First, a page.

Their feet can also get dirty within the cage itself since that’s where they go to the bathroom. This means that you may need to be more selective which cage to get your bunny, depending on the amount of time you can dedicate to bathing them.

8. Speaking of cages, their cage needs to be cleaned at least once a week

Regardless of which cage type you buy, they should still be cleaned once a week to keep your bunny clean and happy in their home.

9. And you may think bunny pellets are cute and small, but they add up quickly

So many people I know think that cleaning up after a bunny is really easy because their pellets are hard, small and don’t smell. This description is true, but they also produce A LOT of them. I give it one cage cleaning, or maybe even one day of your bunny eating for you to be surprised at how much there will be for you to clean up. It’s mountainous. That being said, if you like to bring your bunny inside to cuddle in a blanket, or to just hangout in your room with you, there is very little clean up needed.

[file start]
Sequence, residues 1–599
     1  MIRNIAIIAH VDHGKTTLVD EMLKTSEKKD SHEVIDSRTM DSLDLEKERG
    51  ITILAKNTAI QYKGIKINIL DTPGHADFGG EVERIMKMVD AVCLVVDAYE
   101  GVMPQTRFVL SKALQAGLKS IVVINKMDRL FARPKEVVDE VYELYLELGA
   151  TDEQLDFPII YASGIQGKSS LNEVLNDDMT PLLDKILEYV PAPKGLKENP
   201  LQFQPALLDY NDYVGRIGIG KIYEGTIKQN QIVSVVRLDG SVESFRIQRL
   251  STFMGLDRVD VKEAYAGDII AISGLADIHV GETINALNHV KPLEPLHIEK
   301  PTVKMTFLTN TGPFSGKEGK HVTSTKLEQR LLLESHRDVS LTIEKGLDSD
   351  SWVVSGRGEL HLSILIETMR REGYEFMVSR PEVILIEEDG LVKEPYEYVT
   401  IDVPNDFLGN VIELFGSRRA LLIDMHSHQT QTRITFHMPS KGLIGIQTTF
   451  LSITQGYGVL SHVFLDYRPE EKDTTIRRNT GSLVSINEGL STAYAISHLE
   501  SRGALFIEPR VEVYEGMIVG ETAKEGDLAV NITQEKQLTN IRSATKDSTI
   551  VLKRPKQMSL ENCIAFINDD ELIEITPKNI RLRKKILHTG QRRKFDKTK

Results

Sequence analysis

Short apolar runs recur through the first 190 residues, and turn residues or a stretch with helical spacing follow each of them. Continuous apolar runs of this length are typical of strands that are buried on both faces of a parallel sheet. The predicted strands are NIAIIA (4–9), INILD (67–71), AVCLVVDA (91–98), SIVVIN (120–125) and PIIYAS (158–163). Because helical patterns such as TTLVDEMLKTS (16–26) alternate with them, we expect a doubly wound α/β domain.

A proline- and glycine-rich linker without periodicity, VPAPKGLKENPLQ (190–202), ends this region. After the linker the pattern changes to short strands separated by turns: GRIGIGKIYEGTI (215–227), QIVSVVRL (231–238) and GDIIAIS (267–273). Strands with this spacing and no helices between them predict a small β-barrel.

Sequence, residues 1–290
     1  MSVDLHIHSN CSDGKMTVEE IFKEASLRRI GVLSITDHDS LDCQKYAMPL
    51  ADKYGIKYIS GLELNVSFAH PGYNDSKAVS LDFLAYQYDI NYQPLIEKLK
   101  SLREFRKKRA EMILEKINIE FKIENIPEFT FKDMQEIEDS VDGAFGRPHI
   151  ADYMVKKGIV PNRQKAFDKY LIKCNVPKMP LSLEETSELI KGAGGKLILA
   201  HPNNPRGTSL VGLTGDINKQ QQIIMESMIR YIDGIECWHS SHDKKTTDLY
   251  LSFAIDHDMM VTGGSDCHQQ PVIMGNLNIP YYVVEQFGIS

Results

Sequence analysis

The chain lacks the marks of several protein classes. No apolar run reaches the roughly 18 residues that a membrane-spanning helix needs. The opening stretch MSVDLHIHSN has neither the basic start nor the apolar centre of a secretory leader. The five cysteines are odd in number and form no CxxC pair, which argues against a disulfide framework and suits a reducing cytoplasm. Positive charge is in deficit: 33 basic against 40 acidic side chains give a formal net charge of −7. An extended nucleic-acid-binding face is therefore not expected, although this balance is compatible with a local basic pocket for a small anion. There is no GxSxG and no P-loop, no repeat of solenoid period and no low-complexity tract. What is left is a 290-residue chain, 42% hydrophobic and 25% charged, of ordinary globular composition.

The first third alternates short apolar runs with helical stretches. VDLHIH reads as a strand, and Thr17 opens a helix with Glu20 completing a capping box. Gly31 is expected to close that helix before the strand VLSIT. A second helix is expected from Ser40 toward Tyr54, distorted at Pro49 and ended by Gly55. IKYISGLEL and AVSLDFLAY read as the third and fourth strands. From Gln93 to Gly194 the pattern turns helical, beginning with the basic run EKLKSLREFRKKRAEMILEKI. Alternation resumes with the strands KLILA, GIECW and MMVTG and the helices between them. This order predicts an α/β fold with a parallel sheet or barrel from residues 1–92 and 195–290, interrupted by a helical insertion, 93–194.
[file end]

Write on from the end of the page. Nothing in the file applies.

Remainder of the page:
10. Bunnies are very sensitive to the heat

This means that if you live in an area that gets pretty hot in the summers, like myself, you many have to dedicate extra monetary resources to keeping them cold. Frozen water bottles, ice packs and occasionally misters are needed, as well as time to monitor your bunny and change the cooling resources accordingly.

11. So during the summers they need constant brushing

Part of what makes bunnies so gosh darn cute is their fuzzy coat. It is this fluff that keeps them warm in the winters, but also hot in the summers. This means that they shed a lot of their fluff in the hotter months naturally to keep themselves cooler. Getting all of their fuzz off takes constant brushing and patience. They also shed A LOT all the time, so if you’re a fan of black clothing, then I wouldn't suggest adopting a black bunny. But, if so, brace yourselves for the bunny hair.

12. They are also very sensitive to sounds, so you have to be careful where you keep them

Some people like to keep their bunnies as indoor pets, and some like to keep them as outside pets. Both locations can make for a happy bunny, but you have to be very aware of their surroundings. Like dogs, bunnies have amazing hearing, but instead of barking at the noises they hear, they get scared. That means that kids yelling while playing next door to your house can scare them, and so can dogs barking, doorbells, fireworks, lawnmowers, etc. As a good bunny parent, you need to be attentive to your fur baby’s needs, and be willing to find a living situation that suits both yourself and your bunny.